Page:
class scipy.interpolate.Akima1DInterpolator(x, y, axis=0, *, method='akima', extrapolate=None)[source]#

Akima interpolator

Fit piecewise cubic polynomials, given vectors x and y. The interpolation method by Akima uses a continuously differentiable sub-spline built from piecewise cubic polynomials. The resultant curve passes through the given data points and will appear smooth and natural.

xndarray, shape (npoints, )

1-D array of monotonically increasing real values.

yndarray, shape (…, npoints, …)

N-D array of real values. The length of y along the interpolation axis must be equal to the length of x. Use the axis parameter to select the interpolation axis.

Deprecated since version 1.13.0: Complex data is deprecated and will raise an error in SciPy 1.15.0. If you are trying to use the real components of the passed array, use np.real on y.

axisint, optional

Axis in the y array corresponding to the x-coordinate values. Defaults to axis=0.

method{‘akima’, ‘makima’}, optional

If "makima", use the modified Akima interpolation [2]. Defaults to "akima", use the Akima interpolation [1].

Added in version 1.13.0.

extrapolate{bool, None}, optional

If bool, determines whether to extrapolate to out-of-bounds points based on first and last intervals, or to return NaNs. If None, extrapolate is set to False.

See also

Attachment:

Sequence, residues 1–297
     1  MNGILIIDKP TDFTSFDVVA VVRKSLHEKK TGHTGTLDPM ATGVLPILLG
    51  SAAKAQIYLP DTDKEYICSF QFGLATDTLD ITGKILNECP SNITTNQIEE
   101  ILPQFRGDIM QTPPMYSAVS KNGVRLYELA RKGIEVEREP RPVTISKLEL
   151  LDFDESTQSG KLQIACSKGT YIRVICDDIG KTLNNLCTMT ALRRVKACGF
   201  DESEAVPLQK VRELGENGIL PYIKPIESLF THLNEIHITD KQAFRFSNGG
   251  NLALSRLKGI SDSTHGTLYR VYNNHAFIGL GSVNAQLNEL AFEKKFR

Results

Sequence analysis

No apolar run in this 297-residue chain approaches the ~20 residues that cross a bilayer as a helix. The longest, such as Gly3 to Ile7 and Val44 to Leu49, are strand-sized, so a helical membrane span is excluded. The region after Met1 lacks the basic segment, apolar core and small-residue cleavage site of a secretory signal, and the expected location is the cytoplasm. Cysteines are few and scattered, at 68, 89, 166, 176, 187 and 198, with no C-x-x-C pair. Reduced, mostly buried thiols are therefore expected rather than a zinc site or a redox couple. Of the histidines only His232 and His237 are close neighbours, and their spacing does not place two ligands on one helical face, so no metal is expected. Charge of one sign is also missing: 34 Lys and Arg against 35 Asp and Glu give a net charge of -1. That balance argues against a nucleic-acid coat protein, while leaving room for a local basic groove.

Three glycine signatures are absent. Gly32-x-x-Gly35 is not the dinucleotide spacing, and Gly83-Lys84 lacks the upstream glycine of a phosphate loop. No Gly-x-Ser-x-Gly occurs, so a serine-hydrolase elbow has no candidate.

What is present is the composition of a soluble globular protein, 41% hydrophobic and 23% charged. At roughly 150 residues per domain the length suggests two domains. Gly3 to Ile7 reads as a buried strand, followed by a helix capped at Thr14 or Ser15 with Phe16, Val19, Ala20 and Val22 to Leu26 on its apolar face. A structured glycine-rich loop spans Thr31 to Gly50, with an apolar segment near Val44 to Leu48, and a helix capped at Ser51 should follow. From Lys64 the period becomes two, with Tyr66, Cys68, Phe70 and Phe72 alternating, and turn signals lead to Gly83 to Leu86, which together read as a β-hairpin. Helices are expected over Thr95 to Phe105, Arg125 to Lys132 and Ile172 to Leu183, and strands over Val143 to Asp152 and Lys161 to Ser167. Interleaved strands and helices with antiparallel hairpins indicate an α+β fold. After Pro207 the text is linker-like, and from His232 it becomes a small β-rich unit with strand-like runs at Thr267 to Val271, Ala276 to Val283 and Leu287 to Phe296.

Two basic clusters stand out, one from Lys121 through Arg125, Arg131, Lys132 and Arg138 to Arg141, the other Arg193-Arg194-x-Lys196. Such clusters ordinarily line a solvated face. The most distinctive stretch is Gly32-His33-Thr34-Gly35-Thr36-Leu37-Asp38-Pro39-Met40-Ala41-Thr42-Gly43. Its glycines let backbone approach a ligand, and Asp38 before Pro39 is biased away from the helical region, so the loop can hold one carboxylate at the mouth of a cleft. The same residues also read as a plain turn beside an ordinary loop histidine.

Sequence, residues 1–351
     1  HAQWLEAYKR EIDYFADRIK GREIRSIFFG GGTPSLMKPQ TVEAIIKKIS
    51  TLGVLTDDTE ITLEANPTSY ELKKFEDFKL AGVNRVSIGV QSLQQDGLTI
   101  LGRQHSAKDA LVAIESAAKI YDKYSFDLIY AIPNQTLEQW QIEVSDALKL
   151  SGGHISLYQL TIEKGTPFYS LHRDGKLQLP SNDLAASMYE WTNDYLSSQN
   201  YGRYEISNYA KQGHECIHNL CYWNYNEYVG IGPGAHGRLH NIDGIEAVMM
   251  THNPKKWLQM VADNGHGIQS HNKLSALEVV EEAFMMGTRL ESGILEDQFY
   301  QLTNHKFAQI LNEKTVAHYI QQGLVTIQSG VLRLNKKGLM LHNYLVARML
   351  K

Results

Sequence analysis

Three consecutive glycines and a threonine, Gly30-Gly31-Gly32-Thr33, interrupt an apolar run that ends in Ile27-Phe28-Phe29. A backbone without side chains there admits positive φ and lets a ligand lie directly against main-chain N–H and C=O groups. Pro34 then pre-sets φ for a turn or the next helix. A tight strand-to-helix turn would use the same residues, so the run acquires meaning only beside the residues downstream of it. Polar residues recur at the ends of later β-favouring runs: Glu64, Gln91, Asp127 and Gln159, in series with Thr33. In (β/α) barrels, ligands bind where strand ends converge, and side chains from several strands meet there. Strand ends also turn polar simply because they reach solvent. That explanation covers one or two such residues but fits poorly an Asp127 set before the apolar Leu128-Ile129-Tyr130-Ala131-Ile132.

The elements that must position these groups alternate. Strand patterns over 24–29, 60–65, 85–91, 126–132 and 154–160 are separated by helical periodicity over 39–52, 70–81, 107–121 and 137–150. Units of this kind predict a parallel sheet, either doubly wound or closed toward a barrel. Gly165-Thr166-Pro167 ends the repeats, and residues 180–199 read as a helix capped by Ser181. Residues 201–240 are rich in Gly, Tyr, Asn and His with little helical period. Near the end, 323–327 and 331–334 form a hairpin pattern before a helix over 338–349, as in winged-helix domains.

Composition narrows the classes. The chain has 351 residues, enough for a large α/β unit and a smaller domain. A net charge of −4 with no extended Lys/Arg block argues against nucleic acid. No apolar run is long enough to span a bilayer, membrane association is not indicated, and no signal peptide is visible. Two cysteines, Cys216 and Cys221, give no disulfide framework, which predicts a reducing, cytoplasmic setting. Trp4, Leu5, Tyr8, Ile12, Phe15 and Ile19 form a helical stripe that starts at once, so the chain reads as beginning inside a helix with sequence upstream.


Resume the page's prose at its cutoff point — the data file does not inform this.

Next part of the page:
PCHIP 1-D monotonic cubic interpolator.


Cubic spline data interpolator.


Piecewise polynomial in terms of coefficients and breakpoints


Added in version 0.14.

Use only for precise data, as the fitted curve passes through the given points exactly. This routine is useful for plotting a pleasingly smooth curve through a few given points for purposes of plotting.

Let \(\delta_i = (y_{i+1} - y_i) / (x_{i+1} - x_i)\) be the slopes of the interval \(\left[x_i, x_{i+1}\right)\). Akima’s derivative at \(x_i\) is defined as:

\[d_i = \frac{w_1}{w_1 + w_2}\delta_{i-1} + \frac{w_2}{w_1 + w_2}\delta_i\]

In the Akima interpolation [1] (method="akima"), the weights are:

\[\begin{split}\begin{aligned} w_1 &= |\delta_{i+1} - \delta_i| \\ w_2 &= |\delta_{i-1} - \delta_{i-2}| \end{aligned}\end{split}\]

In the modified Akima interpolation [2] (method="makima"), to eliminate overshoot and avoid edge cases of both numerator and denominator being equal to 0, the weights are modified as follows:

\[\begin{split}\begin{align*} w_1 &= |\delta_{i+1} - \delta_i| + |\delta_{i+1} + \delta_i| / 2 \\ w_2 &= |\delta_{i-1} - \delta_{i-2}| + |\delta_{i-1} + \delta_{i-2}| / 2 \end{align*}\end{split}\]


[1] (1,2)

A new method of interpolation and smooth curve fitting based on local procedures. Hiroshi Akima, J. ACM, October 1970, 17(4), 589-602. DOI:10.1145/321607.321609

[2] (1,2)

Makima Piecewise Cubic Interpolation. Cleve Moler and Cosmin Ionita, 2019.


Comparison of method="akima" and method="makima":

>>> import numpy as np
>>> from scipy.interpolate import Akima1DInterpolator
>>> import matplotlib.pyplot as plt
>>> x = np.linspace(1, 7, 7)
>>> y = np.array([-1, -1, -1, 0, 1, 1, 1])
>>> xs = np.linspace(min(x), max(x), num=100)
>>> y_akima = Akima1DInterpolator(x, y, method="akima")(xs)
>>> y_makima = Akima1DInterpolator(x, y, method="makima")(xs)
>>> fig, ax = plt.subplots()
>>> ax.plot(x, y, "o", label="data")
>>> ax.plot(xs, y_akima, label="akima")
>>> ax.plot(xs, y_makima, label="makima")
>>> ax.legend()

The overshoot that occured in "akima" has been avoided in "makima".



__call__(x[, nu, extrapolate])

Evaluate the piecewise polynomial or its derivative.


Construct a new piecewise polynomial representing the derivative.


Construct a new piecewise polynomial representing the antiderivative.

roots([discontinuity, extrapolate])

Find real roots of the piecewise polynomial.